Mayor Jim Kenney plans 'public process' to consider future of Columbus statue at Marconi Plaza

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Tuesday, June 16, 2020
Columbus statue to be enclosed as public decision making process initiated
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Columbus statue to be enclosed as public decision making process initiated

PHILADELPHIA (WPVI) -- Mayor Jim Kenney on Monday announced plans to initiate a public process to consider the future of the Christopher Columbus statue located in Marconi Plaza on South Broad Street.

In a statement, Kenney asked the Public Art Director to initiate the appropriate process through the Philadelphia Art Commission.

The city previously said there were no plans to remove the statue, which drew a crowd of people who said they were protecting it over the weekend.

Barricades remained around the statue at Marconi Plaza on Monday, and there was a smaller crowd.

It was a different scene on Saturday and Sunday, where a mixture of residents, protesters, spectators and police converged.

Some residents claim the statue is an important part of Italian-American heritage and should be left alone.

Others were denouncing Columbus, calling him a symbol of hate and oppression.

Statues of Columbus have been removed in other cities, including Camden, New Jersey and Wilmington, Delaware.

One the things that quickly garnered attention here over the weekend: a small contingency of residents armed with weapons standing guard over the statue.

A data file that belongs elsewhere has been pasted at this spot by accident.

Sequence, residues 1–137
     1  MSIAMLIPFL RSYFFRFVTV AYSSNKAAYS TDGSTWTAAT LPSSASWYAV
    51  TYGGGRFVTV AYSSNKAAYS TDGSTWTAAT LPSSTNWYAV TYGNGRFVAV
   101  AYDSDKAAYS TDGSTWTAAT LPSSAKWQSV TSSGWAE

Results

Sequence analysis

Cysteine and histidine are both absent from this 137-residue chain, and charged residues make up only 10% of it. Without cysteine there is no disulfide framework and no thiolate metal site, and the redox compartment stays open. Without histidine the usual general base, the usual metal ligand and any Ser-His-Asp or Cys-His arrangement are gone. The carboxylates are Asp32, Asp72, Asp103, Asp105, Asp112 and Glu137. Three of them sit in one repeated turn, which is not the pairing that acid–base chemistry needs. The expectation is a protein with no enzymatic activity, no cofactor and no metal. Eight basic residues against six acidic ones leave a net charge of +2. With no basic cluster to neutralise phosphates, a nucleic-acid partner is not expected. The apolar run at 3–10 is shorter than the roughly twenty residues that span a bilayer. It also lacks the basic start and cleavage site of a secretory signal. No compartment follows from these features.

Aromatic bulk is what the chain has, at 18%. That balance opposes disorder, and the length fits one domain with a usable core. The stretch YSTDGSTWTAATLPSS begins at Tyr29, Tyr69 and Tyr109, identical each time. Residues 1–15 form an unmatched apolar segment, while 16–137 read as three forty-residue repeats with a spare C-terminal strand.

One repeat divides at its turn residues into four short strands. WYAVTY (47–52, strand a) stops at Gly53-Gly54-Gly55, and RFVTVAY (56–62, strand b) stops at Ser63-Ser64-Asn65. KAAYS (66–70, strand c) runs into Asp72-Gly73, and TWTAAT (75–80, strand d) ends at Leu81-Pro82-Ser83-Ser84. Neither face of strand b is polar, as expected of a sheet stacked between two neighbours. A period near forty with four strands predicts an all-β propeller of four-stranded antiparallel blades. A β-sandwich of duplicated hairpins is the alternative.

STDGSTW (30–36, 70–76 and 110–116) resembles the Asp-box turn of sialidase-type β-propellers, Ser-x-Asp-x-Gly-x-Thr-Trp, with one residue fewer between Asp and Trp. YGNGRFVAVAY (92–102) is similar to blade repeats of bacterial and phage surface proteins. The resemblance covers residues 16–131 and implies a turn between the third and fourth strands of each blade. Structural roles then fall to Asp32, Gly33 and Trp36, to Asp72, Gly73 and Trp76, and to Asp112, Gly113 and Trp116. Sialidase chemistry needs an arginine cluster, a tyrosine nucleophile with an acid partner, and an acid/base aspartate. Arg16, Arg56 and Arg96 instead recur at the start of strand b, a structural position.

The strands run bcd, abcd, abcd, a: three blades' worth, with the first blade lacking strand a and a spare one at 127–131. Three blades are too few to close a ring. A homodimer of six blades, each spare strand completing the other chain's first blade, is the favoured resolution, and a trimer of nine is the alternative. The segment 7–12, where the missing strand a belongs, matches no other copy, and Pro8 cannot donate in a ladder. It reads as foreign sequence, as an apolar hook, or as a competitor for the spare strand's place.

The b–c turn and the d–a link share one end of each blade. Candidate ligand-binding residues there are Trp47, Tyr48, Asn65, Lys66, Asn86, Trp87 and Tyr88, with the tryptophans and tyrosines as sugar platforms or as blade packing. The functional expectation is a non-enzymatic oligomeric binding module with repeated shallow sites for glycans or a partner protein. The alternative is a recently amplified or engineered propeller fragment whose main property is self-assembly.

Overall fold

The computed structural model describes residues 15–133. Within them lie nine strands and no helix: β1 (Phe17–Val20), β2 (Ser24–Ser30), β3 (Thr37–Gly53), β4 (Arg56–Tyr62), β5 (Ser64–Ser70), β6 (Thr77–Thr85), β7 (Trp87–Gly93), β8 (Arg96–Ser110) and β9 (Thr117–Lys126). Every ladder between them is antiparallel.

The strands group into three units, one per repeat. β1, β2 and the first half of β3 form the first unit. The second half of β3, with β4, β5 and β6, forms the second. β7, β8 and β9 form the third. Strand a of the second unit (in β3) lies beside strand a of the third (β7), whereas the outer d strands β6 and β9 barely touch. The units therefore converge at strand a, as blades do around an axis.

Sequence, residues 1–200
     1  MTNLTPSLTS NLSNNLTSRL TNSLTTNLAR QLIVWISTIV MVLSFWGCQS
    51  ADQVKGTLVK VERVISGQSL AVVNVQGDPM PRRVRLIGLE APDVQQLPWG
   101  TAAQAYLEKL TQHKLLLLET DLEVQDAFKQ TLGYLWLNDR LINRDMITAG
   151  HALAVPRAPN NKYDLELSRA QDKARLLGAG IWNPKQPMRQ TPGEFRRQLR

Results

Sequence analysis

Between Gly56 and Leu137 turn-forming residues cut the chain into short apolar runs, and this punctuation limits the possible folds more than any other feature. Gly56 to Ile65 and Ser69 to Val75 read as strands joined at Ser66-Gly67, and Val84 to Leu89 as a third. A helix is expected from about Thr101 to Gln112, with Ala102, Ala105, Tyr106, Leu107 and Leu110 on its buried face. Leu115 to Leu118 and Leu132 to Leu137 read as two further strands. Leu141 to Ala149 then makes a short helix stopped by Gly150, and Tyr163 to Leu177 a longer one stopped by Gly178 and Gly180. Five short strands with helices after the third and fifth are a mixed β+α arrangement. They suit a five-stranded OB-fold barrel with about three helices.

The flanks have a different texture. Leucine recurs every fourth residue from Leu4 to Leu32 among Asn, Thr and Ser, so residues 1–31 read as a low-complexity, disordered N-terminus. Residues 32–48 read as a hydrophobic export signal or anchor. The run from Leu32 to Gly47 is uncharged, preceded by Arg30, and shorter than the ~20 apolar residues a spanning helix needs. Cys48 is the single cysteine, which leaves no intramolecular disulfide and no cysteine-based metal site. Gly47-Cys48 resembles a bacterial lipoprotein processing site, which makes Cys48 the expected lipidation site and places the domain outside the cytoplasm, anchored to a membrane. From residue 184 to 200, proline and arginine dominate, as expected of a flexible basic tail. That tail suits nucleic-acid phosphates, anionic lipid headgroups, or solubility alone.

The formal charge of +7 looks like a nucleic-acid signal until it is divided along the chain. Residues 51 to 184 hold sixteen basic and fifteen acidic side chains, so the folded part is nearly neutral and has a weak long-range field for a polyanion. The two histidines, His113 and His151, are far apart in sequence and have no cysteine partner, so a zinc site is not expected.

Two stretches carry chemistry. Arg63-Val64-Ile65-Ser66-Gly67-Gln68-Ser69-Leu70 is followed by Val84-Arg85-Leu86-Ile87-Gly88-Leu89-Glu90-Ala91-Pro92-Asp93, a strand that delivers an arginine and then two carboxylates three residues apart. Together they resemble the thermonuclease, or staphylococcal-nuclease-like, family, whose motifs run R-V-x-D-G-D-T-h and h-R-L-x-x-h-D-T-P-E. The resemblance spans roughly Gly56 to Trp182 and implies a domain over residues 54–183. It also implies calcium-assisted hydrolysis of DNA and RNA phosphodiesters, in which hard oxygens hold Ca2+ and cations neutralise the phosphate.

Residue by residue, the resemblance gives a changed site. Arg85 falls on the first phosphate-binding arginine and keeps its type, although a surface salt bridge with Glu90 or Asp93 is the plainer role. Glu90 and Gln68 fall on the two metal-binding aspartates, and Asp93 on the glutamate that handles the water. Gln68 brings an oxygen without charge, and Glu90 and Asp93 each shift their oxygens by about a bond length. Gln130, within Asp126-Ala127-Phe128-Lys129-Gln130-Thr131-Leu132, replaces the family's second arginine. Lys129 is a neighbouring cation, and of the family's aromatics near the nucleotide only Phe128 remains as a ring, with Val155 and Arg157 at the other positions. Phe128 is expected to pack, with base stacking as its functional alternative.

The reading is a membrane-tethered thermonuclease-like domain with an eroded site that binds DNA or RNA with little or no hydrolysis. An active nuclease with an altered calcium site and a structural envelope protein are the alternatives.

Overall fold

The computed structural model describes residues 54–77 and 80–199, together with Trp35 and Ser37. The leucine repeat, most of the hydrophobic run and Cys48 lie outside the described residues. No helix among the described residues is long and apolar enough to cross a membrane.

Tension appeared to boil over near the statue on Sunday. Some in the group were armed with weapons in an effort to prevent the statue from being removed or vandalized.

"This here represents something to me, my Italian history," said one of the protesters. As day turned to night, some groups appeared to clash with residents.

Around 7 p.m., a group left the statue to stand in front of the home they suspected Mayor Jim Kenney may have been visiting.

It comes as the mayor addressed what has been unfolding since Saturday, tweeting in part all vigilantism is inappropriate, adding the individuals bring more danger to themselves and the city.

He also noted awareness of an "assault caught on videotape" and said the incident was being investigated.

On Monday night, Kenney said no decision has been made on whether the city will remove the statue. A boxing apparatus will be installed around the statue on Tuesday in order to preserve it while the Art Commission process is followed. A timeline for a public process is still pending, he said.

"The Christopher Columbus statue has been a source of controversy in Philadelphia, as have similar installations across our country. Christopher Columbus, like many historical figures, has supporters and detractors. For centuries, he has been venerated with the stories of his traversing the Atlantic and "discovering" the "New World." However, his history is much more infamous. Mistakenly believing he had found a new route to India, Columbus enslaved indigenous people and punished those who failed to meet his expected service by severing limbs, or in some cases, murder.